Transparent crab shells: the future of bendable screens?

Update: 4/17/2015


If you’ve ever wondered what sort of materials can be used to create bendable screens in the future, some researchers over at the Kyoto University have got the answer for you. They recently discovered that chitin, a long-chain polymer that is the main component of crustacean exoskeletons, can be used to create flat panel displays, solar cells and bendy screens.

The researchers took an entire dead crab, treated its body with some acids and chemicals to strip it of minerals, proteins, lipids, fats and pigments and they were left with with a shell entirely made out of translucent chitin. The shell was then immersed in an acrylic resin monomer, which turned it completely transparent. Fueled by the success of the experiment, the researchers then crushed up chitin from crab shells, spread the powdered material into a nanocomposite sheet, treated with the acrylic resin monomer, and ended up with an optically transparent panel.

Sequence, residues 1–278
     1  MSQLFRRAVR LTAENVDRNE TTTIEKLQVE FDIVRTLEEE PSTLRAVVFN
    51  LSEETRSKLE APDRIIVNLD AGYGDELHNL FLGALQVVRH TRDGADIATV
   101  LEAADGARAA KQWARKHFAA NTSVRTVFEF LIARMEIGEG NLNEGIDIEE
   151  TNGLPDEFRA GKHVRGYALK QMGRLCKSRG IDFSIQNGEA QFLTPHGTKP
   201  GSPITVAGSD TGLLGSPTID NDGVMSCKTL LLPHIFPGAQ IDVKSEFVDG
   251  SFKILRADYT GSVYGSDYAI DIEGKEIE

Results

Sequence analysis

What was great about this transparent material is that it doesn’t expand or lose stability when heated, which makes it a potential material for building bendable screens or solar cells that are molded into shapes. And the best part about this new material? It is easily obtainable. Chitin is found not only in crabs but in lobsters, shrimps, cell walls of fungi, exoskeletons of arthropods and insects and more – who would’ve thought the future of displays could be found in the shells of dead creatures?
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